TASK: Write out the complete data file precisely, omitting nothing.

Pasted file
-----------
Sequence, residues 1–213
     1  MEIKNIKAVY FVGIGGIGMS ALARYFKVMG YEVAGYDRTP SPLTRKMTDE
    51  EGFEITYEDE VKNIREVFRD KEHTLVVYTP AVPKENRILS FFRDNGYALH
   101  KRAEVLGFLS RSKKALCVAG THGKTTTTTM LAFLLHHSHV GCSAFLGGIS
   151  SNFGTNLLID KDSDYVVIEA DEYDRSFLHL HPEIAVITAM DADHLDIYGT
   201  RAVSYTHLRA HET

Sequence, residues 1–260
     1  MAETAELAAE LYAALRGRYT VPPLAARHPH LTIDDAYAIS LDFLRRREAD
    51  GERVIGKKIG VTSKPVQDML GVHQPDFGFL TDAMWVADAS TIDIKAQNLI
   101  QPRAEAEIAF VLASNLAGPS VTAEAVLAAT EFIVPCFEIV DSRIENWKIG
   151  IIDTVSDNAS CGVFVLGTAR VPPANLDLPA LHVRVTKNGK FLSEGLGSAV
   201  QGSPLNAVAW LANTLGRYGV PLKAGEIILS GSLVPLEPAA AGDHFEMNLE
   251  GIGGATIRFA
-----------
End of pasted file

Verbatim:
Sequence, residues 1–213
     1  MEIKNIKAVY FVGIGGIGMS ALARYFKVMG YEVAGYDRTP SPLTRKMTDE
    51  EGFEITYEDE VKNIREVFRD KEHTLVVYTP AVPKENRILS FFRDNGYALH
   101  KRAEVLGFLS RSKKALCVAG THGKTTTTTM LAFLLHHSHV GCSAFLGGIS
   151  SNFGTNLLID KDSDYVVIEA DEYDRSFLHL HPEIAVITAM DADHLDIYGT
   201  RAVSYTHLRA HET

Sequence, residues 1–260
     1  MAETAELAAE LYAALRGRYT VPPLAARHPH LTIDDAYAIS LDFLRRREAD
    51  GERVIGKKIG VTSKPVQDML GVHQPDFGFL TDAMWVADAS TIDIKAQNLI
   101  QPRAEAEIAF VLASNLAGPS VTAEAVLAAT EFIVPCFEIV DSRIENWKIG
   151  IIDTVSDNAS CGVFVLGTAR VPPANLDLPA LHVRVTKNGK FLSEGLGSAV
   201  QGSPLNAVAW LANTLGRYGV PLKAGEIILS GSLVPLEPAA AGDHFEMNLE
   251  GIGGATIRFA